Roc-A-Fella Records is located in a no-frills office space in New York City, blocks from the World Trade Center. The young, black staff looks like extras from a hip-hop video.
Phones ring, questions are shouted down hallways and music blasts from open office doors. The office where Carter spends little time is large, but not luxurious, with a typical New York view - the tops of other buildings. The decor includes a framed poster from the movie ``Heat'' and several framed stills from the gangster classic ``Scarface.''
Once the interview begins, Carter is focused, ignoring the constant banging on his closed office door.
It's the kind of focus that took him from a career as a hustler in his native Brooklyn to the successful artist and businessman he is today.
With friend Kareem Burke and former manager Damon Dash, Carter started his own label two years ago, making ``Reasonable Doubt'' the first release. The success of that project has drawn other artists to the label. Establishing his own label was the first step in a career course Carter had carefully plotted.
``It was just the need to have that control - control over your product and for the future, [to be able to] own your own masters just in case anyone samples your work,'' Carter explained. ``In the year 2000 or whatever, we'll reap all the benefits from it because we put in our blood, sweat and tears during the creative part. When kids wake up, like here's an old Jay-Z record and blow the dust off and want to sample something, I want to be able to sit in my rocking chair and rock back and say, `Another check.' ''
The cocky, cigar-smoking, fedora-wearing rapper from the ``Reasonable Doubt'' album cover and his videos has been replaced by a thoughtful, outspoken and introspective man with a sly sense of humor. With his Reebok soccer shirt, jeans, boots and stocking cap, the only things Carter seems to share with his flashier alter ego are a diamond-studded platinum Rolex and a distinctive laugh.
``I'm just not a Broadway type of person,'' he said when asked about his lack of flamboyance offstage. ``There are two personalities. I see it. But it's a great attribute, actually. I guess it will take a while, but eventually I'll have to show them both sides. You have different emotions. You see that through my music. One day I feel like this, one day I feel like that, but it's all one person. I can make a song like `Dead Presidents' and then turn right back around and do `Ain't No Ni--a.' It's all part of one thing.''
Carter and his younger sister grew up in Brooklyn's Marcy Projects. His mother worked in the city controller's office, his father for the phone company. His family was comfortable but not wealthy. His parents separated when he was a teen-ager, and he maintains a relationship with his father.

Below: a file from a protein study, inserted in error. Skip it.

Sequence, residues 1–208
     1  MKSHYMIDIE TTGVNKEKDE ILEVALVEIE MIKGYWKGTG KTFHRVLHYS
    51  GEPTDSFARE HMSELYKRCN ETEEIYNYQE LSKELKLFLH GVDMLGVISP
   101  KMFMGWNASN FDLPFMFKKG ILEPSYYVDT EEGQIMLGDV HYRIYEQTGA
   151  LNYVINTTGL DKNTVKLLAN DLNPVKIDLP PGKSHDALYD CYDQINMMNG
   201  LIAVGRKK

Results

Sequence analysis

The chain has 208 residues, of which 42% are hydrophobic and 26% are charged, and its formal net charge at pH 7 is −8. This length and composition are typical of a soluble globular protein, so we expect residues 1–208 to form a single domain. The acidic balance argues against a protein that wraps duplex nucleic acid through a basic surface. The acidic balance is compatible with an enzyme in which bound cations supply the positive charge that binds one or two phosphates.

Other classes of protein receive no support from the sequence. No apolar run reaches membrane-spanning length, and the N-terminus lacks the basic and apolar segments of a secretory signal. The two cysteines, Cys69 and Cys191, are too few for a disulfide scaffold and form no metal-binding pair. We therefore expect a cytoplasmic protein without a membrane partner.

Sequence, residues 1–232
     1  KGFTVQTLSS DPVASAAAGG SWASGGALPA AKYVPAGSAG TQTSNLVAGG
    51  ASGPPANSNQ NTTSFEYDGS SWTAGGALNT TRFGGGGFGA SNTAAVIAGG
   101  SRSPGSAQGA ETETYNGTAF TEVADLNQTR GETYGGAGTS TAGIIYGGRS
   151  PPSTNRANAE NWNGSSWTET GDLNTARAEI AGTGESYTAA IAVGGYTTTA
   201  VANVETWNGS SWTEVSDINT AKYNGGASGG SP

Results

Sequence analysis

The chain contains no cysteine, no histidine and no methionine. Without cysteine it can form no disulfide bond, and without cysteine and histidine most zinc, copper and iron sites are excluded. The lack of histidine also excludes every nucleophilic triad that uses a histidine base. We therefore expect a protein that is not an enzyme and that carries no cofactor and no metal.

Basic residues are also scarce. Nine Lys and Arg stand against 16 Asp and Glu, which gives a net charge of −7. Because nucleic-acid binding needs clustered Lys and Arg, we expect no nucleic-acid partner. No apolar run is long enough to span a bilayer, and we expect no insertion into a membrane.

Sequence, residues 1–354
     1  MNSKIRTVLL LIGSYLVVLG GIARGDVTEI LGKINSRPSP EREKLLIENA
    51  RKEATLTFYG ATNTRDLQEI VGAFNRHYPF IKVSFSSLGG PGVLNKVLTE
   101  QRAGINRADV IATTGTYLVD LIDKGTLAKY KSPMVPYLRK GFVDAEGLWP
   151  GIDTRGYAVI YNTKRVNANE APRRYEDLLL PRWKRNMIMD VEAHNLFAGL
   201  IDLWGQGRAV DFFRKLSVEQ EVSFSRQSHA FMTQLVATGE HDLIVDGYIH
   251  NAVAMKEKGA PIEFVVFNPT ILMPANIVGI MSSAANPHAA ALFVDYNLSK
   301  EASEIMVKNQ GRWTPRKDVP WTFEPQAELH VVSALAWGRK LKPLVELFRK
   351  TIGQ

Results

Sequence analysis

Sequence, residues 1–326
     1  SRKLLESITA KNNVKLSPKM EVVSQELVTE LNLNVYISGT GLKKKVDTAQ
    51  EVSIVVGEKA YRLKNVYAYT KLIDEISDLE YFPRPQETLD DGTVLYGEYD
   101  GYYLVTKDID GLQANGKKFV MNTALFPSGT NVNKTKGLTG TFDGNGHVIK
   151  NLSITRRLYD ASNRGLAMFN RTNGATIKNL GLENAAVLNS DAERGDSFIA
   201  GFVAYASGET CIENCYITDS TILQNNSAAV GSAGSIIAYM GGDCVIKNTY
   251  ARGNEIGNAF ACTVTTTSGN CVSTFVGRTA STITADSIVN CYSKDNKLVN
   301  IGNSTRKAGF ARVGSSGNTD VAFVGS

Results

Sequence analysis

Influenced by the soul music his parents often played, Carter began dabbling in rap in high school. He attended Brooklyn's Westinghouse High School, a veritable breeding ground for rappers - Busta Rhymes and the Notorious B.I.G. went there as well.
Busta remembers battling Jay-Z in high school rap contests.
``He was sharp then, just like he's sharp now,'' Busta said. ``He was killing s--t.''
By then, rap music had expanded from its origins in the Bronx and flowed into Brooklyn and Queens. Old-school stars Big Daddy Kane, his DJ Mr. Cee (who would be instrumental in discovering the Notorious B.I.G.), U.T.F.O. and others were emerging with hit records and albums.
Now 27, Carter's early experience in the rap game started with Brooklyn rapper Jaz, who lived nearby. Jaz was one of the first rappers to sign a major-label deal and had a hit with a song called ``Hawaiian Sophie.'' The months Carter and Jaz spent recording Jaz's album in London would prove valuable to Carter's future, though he didn't know it at the time.
``I learned a lot about business from that one experience,'' Carter said. ``I learned all about touring and recouping and studio budgets, shysty people . . . After that, I knew that if I was ever going to get into the business, I was prepared.''
Disillusioned by the record business, Carter found the streets a more attractive way to make money and started hustling. ``It was real sexy,'' he said, laughing. ``You go from being a relatively shy person, everybody's looking at you now, you're doing things that you're not used to doing. For the first time, I was really enjoying myself in life. It took a dangerous game for me to really be comfortable. Isn't that crazy?''
As he chronicles on songs like ``D'Evils'' and ``Regrets,'' the hustler lifestyle took its psychological toll. ``It was giving me insomnia and things like that,'' he said. ``You start waking up and thinking, `What am I going to do when I'm 30?' ''
These days, Carter's future is more assured. ``Reasonable Doubt'' was completed months before its release, and the songs for ``In My Lifetime'' were titled and written a long time before the tracks were even laid.
Like his friend and collaborator, the Notorious B.I.G., Carter completes his lyrics in his head. Though he used notebooks when he was younger, none of his current songs are ever written down before they're recorded.
``It started out because I was running so much I didn't have time to sit down and write. I would have to run into the supermarket or whatever to get a piece of paper, write something down and try to save it. Like anything you do, it becomes an exercise and it just becomes second nature. I have a gift. I'm really thankful because I'm really blessed.''
With the death of the Notorious B.I.G., who was a close friend, Carter is now at the forefront of the Brooklyn scene, considered the hub of East Coast rap. His charisma, his facile delivery and often complex lyrics are ingredients for rap superstardom. If his album is well-received, Carter could emerge as one of the heirs to the hip-hop throne left empty by the deaths of Tupac and Biggie.